That was the most amazing thing about this process – that moment of relaxation, of enjoyment, of comfort. At key moments in the show I had the chance to take in the audience, enjoy their gaze and attention. Make myself to take up more space and feel larger than I truly was. We were performing in an old saw mill – a huge industrial space, a place of masculinity, blood and sweat; where trees came to die. There was no fear of overwhelming the stage with presence. We had to fight for the audience’s attention over our setting – it challenged us to be bigger and demand more respect as our confidence grew in each show.

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The hinge – Photo courtesy of Nic Duncan

After the second show, Annette asked me what I was going to do on the final night – what was going to come out in my performance. I think the both of us had been pretty shocked how far I’d come along in the process. I’d trusted her fully in preparing us to perform; and had unlocked part of myself along the way. That final night, as I challenged myself to go harder and harder through the show to take up more space, stretch further, embody the work more than the night before. I wanted to move with more air, more grace, more intensity, more purpose. I felt fantastic. I felt alive. I felt comfortable.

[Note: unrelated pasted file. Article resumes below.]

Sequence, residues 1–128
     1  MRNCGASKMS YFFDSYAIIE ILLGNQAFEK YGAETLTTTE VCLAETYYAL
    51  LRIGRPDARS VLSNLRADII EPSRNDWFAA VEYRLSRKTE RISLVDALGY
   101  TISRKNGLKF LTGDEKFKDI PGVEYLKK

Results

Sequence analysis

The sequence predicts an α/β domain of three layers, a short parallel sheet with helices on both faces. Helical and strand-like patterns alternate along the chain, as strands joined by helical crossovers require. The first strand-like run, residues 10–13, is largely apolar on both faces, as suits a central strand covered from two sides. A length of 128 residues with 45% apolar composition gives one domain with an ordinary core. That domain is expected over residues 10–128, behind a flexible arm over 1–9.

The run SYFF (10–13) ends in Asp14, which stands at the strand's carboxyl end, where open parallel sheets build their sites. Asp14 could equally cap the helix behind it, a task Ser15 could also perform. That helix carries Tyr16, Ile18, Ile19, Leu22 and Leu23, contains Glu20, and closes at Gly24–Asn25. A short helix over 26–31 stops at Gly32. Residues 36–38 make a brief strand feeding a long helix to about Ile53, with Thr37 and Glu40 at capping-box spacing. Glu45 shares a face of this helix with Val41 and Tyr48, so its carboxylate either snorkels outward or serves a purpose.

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Photo courtesy of Nic Duncan

Sure, my dancing still has its moments; I’m very much untrained – but this project was about getting out of my comfort zone and trying something new. About putting my trust in others and seeing where it would lead. About giving part of myself to the creative process. About forcing myself to take in the gaze of an audience and enjoy it. I’d talked about taking a running leap from my comfort zone, away from running and football and taking the piss out of myself.